Welcome to the site.
RAM should make a mount for your 450. I use a 60CX on the KLR and for geocaching.
rammount.com has a excellent wizard for getting all the parts for your particular GPS and bike.
If you can buy a GPS cable that you can hard wire into the bike I would go that way.
I use the cigarette plug set up and have found that the plug looses its connection when you are riding on any bouncy stuff.
I have a Thermo-bob and wouldn't be without it. I ride in temperatures near freezing and the engine runs nice and warm. Before the Thermo-bob the gauge hardly moved when it was that cool.
Where approx. in Utah are you??
I suppose Moab is on your to do list. I hope to get to Utah some day on my Goldwing but I have a hard time with heat so it has to be early in the year.
I'll have to figure out how to do the hard-wire connection, because a lot of the places I'd be riding are definitely on the rough side. Lots and lots of rough places.
I'm about 35 miles southwest of Salt Lake City - with a mountain range (The Oquirrh Mountains) between the Salt Lake Valley and Tooele Valley. It's rather nice, because if I really need to go into the Salt Lake Metro Area, I can be there in about 40 minutes - but if I want to hit the dirt roads and get away from people, I can be there in less than 10 minutes.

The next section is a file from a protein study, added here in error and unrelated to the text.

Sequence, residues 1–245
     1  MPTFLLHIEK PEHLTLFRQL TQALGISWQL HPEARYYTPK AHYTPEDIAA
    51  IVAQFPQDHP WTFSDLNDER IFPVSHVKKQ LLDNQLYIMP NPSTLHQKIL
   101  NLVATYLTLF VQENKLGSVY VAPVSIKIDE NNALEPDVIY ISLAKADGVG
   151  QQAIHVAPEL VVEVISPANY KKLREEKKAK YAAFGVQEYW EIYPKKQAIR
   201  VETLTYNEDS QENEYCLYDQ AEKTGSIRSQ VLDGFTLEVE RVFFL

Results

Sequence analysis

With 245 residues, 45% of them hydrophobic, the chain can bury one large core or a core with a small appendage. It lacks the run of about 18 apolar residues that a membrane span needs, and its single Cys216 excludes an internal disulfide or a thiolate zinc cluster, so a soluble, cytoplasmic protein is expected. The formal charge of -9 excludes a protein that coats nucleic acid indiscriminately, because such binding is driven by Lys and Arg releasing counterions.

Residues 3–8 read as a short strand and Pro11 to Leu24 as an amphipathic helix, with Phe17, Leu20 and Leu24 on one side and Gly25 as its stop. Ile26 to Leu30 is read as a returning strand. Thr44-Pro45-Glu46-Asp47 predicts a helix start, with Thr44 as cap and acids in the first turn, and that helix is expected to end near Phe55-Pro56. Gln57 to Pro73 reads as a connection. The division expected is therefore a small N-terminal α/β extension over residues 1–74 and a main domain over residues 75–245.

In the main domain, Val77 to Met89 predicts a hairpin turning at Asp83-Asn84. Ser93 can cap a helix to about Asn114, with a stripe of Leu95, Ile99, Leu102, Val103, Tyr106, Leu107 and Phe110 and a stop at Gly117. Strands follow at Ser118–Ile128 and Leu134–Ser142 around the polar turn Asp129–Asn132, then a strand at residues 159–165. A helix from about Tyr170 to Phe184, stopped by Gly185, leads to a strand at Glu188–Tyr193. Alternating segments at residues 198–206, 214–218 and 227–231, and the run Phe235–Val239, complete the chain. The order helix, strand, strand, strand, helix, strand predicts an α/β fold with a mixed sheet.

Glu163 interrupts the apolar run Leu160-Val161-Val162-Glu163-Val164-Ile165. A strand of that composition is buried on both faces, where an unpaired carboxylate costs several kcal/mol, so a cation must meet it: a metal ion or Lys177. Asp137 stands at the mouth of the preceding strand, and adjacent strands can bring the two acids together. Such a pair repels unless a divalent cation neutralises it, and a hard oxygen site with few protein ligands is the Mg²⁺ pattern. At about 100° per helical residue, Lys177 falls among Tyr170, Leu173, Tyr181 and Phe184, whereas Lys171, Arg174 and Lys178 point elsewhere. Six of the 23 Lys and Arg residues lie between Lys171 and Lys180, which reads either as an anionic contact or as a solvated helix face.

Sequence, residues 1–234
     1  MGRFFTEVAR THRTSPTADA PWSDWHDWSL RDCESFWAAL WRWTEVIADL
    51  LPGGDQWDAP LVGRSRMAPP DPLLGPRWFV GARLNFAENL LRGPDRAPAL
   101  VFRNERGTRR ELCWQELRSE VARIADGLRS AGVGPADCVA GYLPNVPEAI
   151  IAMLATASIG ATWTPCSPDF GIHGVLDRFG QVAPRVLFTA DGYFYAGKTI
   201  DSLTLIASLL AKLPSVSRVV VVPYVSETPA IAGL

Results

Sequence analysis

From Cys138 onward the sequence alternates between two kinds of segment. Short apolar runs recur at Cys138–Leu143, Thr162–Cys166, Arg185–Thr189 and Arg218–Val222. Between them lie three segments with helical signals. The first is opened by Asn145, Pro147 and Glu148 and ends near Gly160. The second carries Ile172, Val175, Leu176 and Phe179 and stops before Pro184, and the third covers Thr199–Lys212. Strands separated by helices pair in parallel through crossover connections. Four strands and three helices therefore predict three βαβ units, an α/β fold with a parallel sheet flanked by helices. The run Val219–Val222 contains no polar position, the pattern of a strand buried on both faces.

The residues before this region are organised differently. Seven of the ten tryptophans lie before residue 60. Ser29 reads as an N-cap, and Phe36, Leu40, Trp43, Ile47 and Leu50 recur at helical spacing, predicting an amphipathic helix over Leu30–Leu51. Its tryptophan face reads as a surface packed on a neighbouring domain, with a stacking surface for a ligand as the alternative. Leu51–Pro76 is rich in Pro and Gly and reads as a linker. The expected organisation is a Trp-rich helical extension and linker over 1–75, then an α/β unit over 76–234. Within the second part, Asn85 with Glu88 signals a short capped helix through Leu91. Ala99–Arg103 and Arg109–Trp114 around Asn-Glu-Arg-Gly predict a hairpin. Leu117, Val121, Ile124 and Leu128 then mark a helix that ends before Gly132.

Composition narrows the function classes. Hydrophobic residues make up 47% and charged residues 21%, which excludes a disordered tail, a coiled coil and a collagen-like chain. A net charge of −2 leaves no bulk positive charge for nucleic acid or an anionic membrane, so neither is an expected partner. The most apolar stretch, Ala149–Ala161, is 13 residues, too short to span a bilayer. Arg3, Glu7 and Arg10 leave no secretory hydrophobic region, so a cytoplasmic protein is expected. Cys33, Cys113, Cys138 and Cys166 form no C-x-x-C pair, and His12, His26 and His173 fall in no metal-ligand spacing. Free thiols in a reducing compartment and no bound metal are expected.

As for Moab, the wife and I hauled our trailer there last spring and met up with my folks for about a week. It was around Spring Break, so it was quite busy, but we had a great time seeing Arches National Park, Canyonlands National Park (the part right near Moab, as well as the part down to the south), and Dead Horse Point State Park. We also hit up Fisher Towers - the tallest free-standing sandstone towers in the world - and areas along the Colorado River. After that, we drove a bit farther to the south and stayed in Bluff, UT where we were able to go out to Hovenweep National Monument - which was awesomely interesting if you're interested in Native American History. The ruins in that area are around 800 years old... That's also a prime area for KLR folks, because the roads to some of the areas are rocky, bumpy, dirt roads that require a high-clearance vehicle. And while we were in the vicinity, we also hit up Monument Valley, Goosenecks of the San Juan River State Park, and Natural Bridges National Monument...
It was a great Spring Break.
That was with our old camp trailer and before I purchased the KLR. Now I've gotta figure out how to take the KLR along with Momma's new 5th wheel hitched to the truck.